Much of it is geared toward the idea of adding extra value to range memberships (discounts are offered for most of the events.) But these competitions can also serve to help newbies connect with the gun community, said Joey Mizufuka, Centennial sales manager and instructor.

Instead of just seeing a new gun as something to stick in the bedside table, they start to see other possibilities.
“It opens up their eyes to the idea guns are for sporting purposes,” Mizufuka argued.

“Come up with a game that best fits your own range, business goals and customer base.”

At Ultimate Defense Firing Range & Training Center in St. Peters, Mo., regular events include a bowling-pin night and silhouette league (using small metal targets, including a ram and turkey.)

“When you shoot them, they really fly off the table,” said Paul Bastean, managing director, noting dynamic action is key to all of their competitions.

“It’s not just punching holes in targets. When you shoot, something happens. And the customers love it,” he added.

To encourage repeat competitors, Ultimate Defense has a monthly contest where scores on a particular target (in December it’s a Christmas tree, for example) earn entries for a gun giveaway. One key for success, Bastean said, is not skimping on the rewards. Consider when the shop got its first two GLOCK 44s, one of them went into the gun-of-the-month contest.

“The prizes we give away are all good prizes. It’s not just garbage we can’t sell,” he explained.

“A Lesson Learned”

When you start thinking outside the box, you’ll quickly realize not everything is going to work. The more creative you get, the more chances you give yourself to say something along the lines of: “We’re never going to do that again.”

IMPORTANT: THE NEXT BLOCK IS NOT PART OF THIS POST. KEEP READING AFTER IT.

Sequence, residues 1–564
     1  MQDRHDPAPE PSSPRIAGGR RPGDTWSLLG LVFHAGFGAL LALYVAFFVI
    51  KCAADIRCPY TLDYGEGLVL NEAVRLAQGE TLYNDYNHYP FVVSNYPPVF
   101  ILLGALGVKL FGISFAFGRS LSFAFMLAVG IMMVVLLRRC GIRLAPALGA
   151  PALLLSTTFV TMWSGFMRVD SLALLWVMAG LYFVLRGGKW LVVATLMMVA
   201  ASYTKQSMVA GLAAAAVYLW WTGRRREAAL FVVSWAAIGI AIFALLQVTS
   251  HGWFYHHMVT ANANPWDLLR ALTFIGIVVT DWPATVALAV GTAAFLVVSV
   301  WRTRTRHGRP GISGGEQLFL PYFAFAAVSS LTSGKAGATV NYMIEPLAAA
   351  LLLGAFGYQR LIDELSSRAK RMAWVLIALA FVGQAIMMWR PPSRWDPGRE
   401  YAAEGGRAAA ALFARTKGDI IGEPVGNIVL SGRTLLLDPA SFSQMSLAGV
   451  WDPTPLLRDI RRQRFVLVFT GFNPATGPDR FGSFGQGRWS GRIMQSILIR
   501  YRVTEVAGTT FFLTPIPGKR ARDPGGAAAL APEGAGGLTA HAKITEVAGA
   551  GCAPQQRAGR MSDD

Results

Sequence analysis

Ultimate Defense has a couple of those stories, both with an autumn theme. The first was the time they decided to have a contest where participants would be judged based on the quality of faces they could shoot onto a jack-o’-lantern target.
Turns out it takes several hundred rounds to get a decent face.

And then there was the time they bought a bunch of pumpkins and offered them up to shooters. Two days of power washing to clean up the mess left Bastean with a simple conclusion: “It was an astronomical mistake.”

Mizufuka at Centennial Gun Club remembers when they first tried their .22-caliber steel challenge event. They underestimated the potential for damage from deflected fragments. This fact was brought home squarely when a ricochet took out one of the range sprinkler heads, drenching the place.

“A lesson learned,” he laughed. “So, I built a wooden barrier that’s easy to set up to catch the splatter.”

Both ranges have adjusted their bowling-pin contests. Mizufuka changed the format — moving from heads-up matches to simple time-based scoring. Some competitors weren’t all that fond of going against the top shooters in direct contests.

Ultimate Defense switched to plastic pins. “You don’t get splinters off plastic pins,” Bastean explained. “There’s just not as much mess.”

“Using a range for regular competitions and special events can provide significant benefits. They have the potential to boost revenue streams. Even more, they create bonds with customers, who are given yet another reason to keep coming back.”